Campus housing shortage balances itself out, for now
Published: Friday, January 18, 2013
Updated: Friday, January 18, 2013 00:01
Miami University’s housing shortage has begun to balance itself out after disciplinary action last semester relocated 43 fraternity members to on-campus living and made the situation critical.
While overcrowding in residence halls may be solved for this semester, current on-campus construction projects will not yield an increase in student beds on campus.
According to Brian Woodruff, director of Housing Options, Meals and Events (HOME), he has yet to calculate the Miami residence halls’ exact capacity, but he believes it to be much closer to 100 percent than the 103 percent Miami was at in October.
“From my quick estimation, and looking at what right now I think to be true, we’re looking like we’re right around 7,140 or so [students] with us on campus,” Woodruff said. “That’s right about at our capacity, so we’re looking really good on that.”
Woodruff credited time, and various uncontrollable factors for solving the housing crisis.
“We always have fewer people on campus in spring than we do in fall,” Woodruff said. “A lot of people study abroad, they might transfer out—different reasons.”
According to him, all of the 14 fraternity members that remained in temporary housing in October have been assigned permanent rooms, though a few spring semester transfer students took their place.
One of those transfer students, junior Ross Paisley, was happy to say he received an email on Wednesday, Jan. 16 assigning him a permanent living arrangement.
“I ended up in temporary housing because I registered far later than I should have,” Paisley said. “So, I get thrown into temporary housing, but it really wasn’t all too bad because there only ended up being three people in my room.”
According to Paisley, Miami’s typical temporary living spaces hold 14 people in a single, ‘barracks-style’ room comprised of seven semi-private ‘pods’ with two people in each. Paisley said he got lucky.
“It was just me and a couple other guys and we got along well, but I can imagine though, say if it was a month scenario and we were at full capacity,” Paisley said. “If fourteen people were living in there—everybody has music, alarms, computers—it would get aggravating.”
To avoid forcing others into Miami’s temporary housing in the future, Woodruff said certain preventative measures are taken.
“We’re taking lots of historical information, what we’ve learned this year and the years prior, really to be as prepared as possible for next year to prevent the overcrowding situation,” Woodruff said. “The way we do that is that we limit the number of juniors and seniors who we allow to choose rooms [on campus].”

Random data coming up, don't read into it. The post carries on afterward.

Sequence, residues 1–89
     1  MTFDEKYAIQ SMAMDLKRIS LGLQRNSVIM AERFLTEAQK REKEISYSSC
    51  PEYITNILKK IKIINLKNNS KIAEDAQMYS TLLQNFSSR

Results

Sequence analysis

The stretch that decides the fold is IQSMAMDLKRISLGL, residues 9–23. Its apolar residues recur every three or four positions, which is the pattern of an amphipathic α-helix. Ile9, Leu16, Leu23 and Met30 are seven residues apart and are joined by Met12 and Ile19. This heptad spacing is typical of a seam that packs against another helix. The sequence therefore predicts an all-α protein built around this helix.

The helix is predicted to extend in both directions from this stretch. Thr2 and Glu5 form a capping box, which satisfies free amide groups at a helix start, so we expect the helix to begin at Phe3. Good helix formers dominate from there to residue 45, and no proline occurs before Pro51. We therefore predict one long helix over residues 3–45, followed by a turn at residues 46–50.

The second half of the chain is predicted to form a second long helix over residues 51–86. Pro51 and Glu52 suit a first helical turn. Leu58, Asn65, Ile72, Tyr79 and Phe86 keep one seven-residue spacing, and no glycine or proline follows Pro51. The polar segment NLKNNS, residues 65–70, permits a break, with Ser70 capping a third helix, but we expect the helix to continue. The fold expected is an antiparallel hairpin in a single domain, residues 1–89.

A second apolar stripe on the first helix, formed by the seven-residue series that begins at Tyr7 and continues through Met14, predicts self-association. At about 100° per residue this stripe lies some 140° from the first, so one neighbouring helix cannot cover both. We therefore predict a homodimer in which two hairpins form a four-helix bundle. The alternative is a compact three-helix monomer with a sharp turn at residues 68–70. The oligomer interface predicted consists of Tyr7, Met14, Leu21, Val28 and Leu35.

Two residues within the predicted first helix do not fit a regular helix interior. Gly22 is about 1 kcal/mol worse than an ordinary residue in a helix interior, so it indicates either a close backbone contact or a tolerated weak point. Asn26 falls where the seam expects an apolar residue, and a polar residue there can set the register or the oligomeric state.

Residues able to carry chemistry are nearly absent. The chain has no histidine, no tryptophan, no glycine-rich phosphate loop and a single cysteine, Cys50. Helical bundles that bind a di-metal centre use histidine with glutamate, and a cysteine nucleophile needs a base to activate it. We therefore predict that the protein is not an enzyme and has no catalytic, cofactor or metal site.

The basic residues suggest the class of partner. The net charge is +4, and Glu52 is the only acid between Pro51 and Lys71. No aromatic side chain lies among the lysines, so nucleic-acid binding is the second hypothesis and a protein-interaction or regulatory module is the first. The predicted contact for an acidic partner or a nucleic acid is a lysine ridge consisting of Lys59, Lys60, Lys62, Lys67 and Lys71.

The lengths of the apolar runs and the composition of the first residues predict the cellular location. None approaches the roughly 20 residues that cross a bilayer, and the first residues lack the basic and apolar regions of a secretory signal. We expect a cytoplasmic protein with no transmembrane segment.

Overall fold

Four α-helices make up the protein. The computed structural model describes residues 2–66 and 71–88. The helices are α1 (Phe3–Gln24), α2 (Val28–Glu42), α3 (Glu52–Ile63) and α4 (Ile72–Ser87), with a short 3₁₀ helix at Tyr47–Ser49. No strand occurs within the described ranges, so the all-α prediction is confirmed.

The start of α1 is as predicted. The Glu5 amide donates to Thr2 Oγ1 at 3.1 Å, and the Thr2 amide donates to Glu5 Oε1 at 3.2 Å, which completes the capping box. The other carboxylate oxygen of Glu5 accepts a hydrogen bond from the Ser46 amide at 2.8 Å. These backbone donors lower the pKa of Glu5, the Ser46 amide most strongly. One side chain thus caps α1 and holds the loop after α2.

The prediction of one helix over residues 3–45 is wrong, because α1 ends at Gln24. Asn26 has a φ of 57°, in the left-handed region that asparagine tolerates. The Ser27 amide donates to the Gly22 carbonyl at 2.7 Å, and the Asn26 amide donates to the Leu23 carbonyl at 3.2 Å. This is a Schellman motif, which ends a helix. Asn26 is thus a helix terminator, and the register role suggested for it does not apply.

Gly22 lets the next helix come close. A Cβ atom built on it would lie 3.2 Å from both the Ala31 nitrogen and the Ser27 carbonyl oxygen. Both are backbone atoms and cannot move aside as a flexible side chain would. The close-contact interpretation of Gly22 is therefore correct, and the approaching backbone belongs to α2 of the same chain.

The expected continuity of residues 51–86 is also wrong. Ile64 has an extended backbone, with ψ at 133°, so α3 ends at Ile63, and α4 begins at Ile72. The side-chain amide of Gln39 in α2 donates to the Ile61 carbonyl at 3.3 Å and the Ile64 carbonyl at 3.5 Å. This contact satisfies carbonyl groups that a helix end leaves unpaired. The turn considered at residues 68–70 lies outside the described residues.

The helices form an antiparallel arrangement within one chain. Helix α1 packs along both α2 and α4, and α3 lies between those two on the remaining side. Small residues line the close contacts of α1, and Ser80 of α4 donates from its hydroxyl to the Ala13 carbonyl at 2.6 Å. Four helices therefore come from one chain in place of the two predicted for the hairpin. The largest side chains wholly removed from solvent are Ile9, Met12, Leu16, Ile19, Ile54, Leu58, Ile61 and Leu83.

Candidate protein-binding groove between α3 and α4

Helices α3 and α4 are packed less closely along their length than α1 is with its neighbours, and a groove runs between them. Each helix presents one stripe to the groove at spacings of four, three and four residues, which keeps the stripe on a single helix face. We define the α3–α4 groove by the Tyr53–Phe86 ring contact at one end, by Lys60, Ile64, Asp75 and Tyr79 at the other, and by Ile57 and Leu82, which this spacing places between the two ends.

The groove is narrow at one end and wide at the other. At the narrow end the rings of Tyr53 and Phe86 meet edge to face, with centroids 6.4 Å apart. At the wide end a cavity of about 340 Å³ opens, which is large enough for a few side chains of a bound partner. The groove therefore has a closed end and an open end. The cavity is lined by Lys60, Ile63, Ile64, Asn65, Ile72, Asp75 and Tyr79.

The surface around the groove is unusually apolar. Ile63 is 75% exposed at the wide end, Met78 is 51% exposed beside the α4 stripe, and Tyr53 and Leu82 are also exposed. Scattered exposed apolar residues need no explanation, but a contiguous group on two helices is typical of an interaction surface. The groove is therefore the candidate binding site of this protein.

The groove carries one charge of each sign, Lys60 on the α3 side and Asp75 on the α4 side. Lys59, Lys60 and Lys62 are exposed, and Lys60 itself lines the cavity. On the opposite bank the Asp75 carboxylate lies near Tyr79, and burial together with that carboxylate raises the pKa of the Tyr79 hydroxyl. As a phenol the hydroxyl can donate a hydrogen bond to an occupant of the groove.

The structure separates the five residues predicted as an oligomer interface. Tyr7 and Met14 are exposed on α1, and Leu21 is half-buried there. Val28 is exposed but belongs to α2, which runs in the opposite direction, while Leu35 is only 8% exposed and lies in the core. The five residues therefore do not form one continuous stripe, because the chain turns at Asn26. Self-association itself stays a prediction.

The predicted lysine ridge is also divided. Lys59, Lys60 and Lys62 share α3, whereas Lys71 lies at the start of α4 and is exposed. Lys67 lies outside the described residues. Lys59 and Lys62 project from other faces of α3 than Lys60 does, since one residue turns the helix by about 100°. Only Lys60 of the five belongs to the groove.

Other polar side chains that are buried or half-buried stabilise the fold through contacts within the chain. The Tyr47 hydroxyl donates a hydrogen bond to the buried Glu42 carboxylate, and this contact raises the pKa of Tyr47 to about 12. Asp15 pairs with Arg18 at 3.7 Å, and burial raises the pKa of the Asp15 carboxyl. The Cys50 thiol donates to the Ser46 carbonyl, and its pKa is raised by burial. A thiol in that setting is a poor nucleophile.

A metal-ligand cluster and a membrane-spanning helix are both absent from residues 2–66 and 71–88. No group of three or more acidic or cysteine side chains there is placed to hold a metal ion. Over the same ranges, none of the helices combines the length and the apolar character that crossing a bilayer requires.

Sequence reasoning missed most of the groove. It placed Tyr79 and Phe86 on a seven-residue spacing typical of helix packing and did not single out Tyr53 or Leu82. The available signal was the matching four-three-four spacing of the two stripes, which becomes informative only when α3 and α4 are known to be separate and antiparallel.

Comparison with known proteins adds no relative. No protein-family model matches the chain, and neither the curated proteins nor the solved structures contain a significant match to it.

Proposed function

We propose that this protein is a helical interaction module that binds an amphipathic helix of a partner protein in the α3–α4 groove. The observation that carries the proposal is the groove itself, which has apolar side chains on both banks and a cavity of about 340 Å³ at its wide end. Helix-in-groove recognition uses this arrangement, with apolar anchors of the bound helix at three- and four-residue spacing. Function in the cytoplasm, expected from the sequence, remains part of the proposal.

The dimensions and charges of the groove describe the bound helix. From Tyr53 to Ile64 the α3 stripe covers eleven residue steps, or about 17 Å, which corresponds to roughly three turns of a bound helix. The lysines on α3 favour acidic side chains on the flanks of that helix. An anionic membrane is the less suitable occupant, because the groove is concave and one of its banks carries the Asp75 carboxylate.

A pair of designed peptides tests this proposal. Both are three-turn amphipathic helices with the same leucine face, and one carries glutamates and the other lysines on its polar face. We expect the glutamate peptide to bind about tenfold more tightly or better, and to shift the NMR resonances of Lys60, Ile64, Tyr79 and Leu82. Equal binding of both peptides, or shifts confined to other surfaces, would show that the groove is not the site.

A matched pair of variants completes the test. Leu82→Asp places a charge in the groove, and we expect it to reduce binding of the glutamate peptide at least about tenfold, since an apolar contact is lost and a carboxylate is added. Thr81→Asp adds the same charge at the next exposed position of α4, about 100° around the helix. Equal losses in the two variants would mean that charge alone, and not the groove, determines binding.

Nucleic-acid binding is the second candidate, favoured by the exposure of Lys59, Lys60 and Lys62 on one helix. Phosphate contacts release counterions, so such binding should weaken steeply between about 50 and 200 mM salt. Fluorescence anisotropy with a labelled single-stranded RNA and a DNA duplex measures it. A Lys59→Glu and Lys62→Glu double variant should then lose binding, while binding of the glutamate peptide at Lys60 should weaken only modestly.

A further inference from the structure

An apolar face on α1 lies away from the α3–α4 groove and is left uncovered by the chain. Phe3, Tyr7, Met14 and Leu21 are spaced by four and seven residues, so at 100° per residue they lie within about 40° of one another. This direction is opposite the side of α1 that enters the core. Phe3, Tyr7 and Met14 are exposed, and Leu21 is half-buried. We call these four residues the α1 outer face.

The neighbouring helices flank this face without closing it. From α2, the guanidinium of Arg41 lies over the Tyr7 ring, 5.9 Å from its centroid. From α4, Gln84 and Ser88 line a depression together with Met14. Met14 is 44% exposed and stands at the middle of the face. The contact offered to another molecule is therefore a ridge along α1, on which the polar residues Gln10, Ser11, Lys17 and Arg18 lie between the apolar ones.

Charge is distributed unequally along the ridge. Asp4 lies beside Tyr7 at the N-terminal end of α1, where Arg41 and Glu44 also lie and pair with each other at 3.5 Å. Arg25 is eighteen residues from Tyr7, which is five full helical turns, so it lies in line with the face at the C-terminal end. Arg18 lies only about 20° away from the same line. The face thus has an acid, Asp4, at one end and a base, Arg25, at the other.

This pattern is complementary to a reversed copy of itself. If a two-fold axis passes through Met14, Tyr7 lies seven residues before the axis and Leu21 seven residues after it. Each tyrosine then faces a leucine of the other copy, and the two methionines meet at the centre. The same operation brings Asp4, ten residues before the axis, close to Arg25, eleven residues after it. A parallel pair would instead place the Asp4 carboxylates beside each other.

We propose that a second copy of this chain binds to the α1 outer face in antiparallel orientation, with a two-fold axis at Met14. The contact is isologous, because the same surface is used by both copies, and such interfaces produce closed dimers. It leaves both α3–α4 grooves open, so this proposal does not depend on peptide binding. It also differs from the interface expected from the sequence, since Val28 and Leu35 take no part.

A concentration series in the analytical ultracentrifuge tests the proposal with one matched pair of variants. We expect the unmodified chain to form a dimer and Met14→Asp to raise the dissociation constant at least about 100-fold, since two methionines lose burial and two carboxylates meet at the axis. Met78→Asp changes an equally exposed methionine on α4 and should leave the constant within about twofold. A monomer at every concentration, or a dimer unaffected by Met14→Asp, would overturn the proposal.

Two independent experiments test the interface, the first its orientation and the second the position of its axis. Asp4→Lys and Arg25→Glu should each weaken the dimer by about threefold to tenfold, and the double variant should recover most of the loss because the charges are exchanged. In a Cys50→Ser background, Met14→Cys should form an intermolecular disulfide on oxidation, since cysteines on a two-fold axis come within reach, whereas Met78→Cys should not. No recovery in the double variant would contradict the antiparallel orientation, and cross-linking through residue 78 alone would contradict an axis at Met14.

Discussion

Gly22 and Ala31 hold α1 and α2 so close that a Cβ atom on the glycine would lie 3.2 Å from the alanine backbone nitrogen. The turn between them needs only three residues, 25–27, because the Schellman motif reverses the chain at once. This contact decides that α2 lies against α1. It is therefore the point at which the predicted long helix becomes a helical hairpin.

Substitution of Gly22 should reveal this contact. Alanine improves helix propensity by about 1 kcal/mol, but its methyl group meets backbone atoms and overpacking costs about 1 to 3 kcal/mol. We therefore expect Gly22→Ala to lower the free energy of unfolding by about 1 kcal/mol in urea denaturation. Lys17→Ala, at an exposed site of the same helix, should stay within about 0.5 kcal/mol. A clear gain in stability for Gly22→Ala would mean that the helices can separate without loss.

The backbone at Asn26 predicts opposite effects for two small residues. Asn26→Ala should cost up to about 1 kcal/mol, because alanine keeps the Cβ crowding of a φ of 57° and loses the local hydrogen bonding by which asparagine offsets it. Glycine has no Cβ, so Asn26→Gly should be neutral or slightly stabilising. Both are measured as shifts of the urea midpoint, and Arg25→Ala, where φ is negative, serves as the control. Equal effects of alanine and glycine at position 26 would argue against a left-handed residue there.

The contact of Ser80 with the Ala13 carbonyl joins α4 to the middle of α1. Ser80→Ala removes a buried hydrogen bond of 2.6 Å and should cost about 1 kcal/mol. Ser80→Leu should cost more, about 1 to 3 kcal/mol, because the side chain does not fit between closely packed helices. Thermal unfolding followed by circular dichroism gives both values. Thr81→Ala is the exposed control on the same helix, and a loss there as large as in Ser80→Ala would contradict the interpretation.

According to Woodruff, Miami is currently in the process of establishing several new residence halls as part of a preconceived construction plan.
Though the number of residence halls will increase, renovations on older buildings will increase the room size and decrease the number of rooms, keeping capacity approximately the same even after all construction is complete
“We have flexibility built into the program, so it could change along the way, but at this point we are planning ultimately to maintain the same capacity that we have today,” Woodruff said.
Matt Frericks, Director of Auxiliary Construction and Services, said though it will not increase Miami’s capacity, construction will better students’ lifestyles. According to him, the plan involves improving and diversifying student living conditions by increasing room sizes and offering innovative housing arrangements.
“Back in the 2006 time frame, a lot of focus groups were done with students at the time, a lot of input from university departments,” Frericks said. “Based on all those things at that time, that plan was developed.”
One might question why Miami would refrain from increasing the number of rooms after the recent housing crisis. According to Woodruff, an under-populated university can be as problematic as an overpopulated one, causing its own set of issues for the student body.
“It’s important for a university to have their buildings filled,” Woodruff said. “For us here at Miami, every bit of income that we receive from students for room and board goes right back into the program for the renovations and improvements.”
According to Woodruff, there are negative results of both scenarios in this balancing act, but because being slightly overcapacity is usually overcome within the first weeks of a semester, whereas the other extreme would have more lasting effects, the former is preferred.
“It’s a situation that does help the university, and we know that it’s inconvenient, so we do everything we can to make those students [in temporary housing] comfortable, to assist them,” Woodruff said.
Though overcrowding in the fall was more than slight, with the unforeseeable influx of fraternity members, Woodruff is pleased to say that Miami and its students seem to be out of the woods.
“We’re very proud and very happy,” Woodruff said. “We’ve been able to get through that first part there and hopefully provide a situation for students where they’re comfortable, and at home, and enjoy where they’re at.”